UN Environment notes with deep concern the recent accusations of terrorism that have been levelled against UN Special Rapporteur on the Rights of Indigenous Peoples, Ms. Victoria Tauli-Corpuz, Ms. Joan Carling, Focal Person for Indigenous Peoples Major Group for Sustainable Development, and hundreds of other individuals in the Philippines. The legal petition filed by the Philippines Government alleges that those listed should be declared as terrorists.
These charges must be dropped immediately, and support provided for the legitimate activities of these individuals who have UN mandates, and the civil society organisations with which they work. UN Environment has a long-standing relationship with Ms. Tauli-Corpuz and Ms. Carling, in line with its mandate as leading global environmental authority, and its normative framework on international human rights standards. It is deeply concerning that authorities have routinely responded to the expressions of environmental and human rights defenders by criminalizing and delegitimizing their voices. The shrinking space available to independent people to carry out legitimate work and to speak on behalf of many voiceless indigenous and local communities globally is an issue that must be addressed through increasing openness and participation.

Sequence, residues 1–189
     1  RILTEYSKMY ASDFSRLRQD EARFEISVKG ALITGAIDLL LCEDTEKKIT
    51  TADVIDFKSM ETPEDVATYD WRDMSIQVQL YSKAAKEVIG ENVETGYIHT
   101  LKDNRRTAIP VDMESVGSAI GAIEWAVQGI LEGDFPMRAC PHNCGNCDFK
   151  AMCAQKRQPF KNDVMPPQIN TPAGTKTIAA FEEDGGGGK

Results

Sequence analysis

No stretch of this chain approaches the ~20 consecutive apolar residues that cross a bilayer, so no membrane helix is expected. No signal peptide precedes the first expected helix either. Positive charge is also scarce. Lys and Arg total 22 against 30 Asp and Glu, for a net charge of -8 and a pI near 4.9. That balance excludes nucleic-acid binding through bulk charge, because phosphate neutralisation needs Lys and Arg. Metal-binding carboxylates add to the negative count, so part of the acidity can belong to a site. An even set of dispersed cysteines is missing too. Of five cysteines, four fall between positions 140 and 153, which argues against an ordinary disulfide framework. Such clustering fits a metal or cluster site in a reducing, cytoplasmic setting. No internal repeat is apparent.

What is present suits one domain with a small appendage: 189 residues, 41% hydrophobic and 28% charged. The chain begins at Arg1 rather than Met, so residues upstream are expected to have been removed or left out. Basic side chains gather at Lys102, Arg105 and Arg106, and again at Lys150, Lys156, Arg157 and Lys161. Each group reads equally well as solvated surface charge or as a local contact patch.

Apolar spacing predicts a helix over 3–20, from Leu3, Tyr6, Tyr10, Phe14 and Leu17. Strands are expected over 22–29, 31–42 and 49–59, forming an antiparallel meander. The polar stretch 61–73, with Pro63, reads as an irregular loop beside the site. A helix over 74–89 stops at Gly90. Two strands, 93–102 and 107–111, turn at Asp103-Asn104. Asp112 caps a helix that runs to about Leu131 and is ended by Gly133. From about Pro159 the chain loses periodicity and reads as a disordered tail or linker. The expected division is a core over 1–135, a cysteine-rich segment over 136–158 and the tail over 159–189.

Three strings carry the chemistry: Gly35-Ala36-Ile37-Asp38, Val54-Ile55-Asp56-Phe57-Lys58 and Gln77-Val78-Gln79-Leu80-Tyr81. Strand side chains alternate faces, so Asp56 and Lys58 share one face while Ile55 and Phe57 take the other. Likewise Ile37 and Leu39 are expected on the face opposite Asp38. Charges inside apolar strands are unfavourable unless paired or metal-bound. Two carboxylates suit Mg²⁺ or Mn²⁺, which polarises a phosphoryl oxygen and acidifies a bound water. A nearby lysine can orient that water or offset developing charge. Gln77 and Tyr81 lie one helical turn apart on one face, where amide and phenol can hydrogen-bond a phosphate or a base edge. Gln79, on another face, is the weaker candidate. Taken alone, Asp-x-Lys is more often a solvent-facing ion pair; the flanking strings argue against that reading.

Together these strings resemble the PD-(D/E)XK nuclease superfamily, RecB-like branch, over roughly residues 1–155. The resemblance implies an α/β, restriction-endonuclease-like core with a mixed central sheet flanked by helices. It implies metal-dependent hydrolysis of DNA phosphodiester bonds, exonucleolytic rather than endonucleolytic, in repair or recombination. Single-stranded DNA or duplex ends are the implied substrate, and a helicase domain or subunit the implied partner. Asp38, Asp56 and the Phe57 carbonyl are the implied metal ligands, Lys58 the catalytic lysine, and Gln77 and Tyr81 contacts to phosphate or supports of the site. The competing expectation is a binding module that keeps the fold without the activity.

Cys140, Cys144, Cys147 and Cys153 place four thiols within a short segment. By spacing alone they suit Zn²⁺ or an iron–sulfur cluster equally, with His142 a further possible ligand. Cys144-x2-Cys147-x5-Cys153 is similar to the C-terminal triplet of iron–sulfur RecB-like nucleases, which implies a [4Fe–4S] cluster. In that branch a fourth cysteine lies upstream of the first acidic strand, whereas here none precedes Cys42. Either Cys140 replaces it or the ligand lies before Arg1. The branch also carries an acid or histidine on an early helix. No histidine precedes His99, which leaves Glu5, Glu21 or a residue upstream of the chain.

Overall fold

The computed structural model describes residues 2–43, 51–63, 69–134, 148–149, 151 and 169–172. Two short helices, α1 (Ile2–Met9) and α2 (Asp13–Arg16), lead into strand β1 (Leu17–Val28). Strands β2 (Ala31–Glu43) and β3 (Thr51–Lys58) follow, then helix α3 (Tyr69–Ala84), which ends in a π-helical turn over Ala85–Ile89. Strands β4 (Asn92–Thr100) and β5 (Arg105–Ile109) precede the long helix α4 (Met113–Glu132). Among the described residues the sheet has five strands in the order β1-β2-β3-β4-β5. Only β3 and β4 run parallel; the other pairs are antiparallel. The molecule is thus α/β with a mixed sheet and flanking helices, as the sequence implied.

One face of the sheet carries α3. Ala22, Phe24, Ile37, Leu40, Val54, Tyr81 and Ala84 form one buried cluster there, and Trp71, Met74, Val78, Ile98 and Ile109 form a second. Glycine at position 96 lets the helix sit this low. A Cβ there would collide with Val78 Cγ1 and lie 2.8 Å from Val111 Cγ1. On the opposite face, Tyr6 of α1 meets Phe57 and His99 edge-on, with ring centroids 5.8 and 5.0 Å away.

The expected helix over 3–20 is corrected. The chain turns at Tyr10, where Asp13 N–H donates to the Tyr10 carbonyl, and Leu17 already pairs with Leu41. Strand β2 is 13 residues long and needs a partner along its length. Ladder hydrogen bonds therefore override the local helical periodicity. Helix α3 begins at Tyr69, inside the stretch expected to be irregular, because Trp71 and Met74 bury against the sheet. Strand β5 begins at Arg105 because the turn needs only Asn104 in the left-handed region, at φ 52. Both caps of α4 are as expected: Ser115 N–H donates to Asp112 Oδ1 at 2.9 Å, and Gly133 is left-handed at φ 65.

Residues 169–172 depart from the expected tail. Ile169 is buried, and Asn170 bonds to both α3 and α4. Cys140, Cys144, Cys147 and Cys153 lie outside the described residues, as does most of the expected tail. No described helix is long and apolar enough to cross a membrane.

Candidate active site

UN Environment has developed a policy on promoting greater protection for environmental defenders which recognises and relies on the critical work of the UN Special Procedures and civil society actors. The policy is grounded in international environmental law, including in relevant UN instruments and resolutions. UN Environment also emphasises the important role those named can play in implementation and effective policy-making. It is on this basis that UN Environment is calling for these allegations to be dropped, and the safety of those named in the legal petition be assured.
Head, UN Environment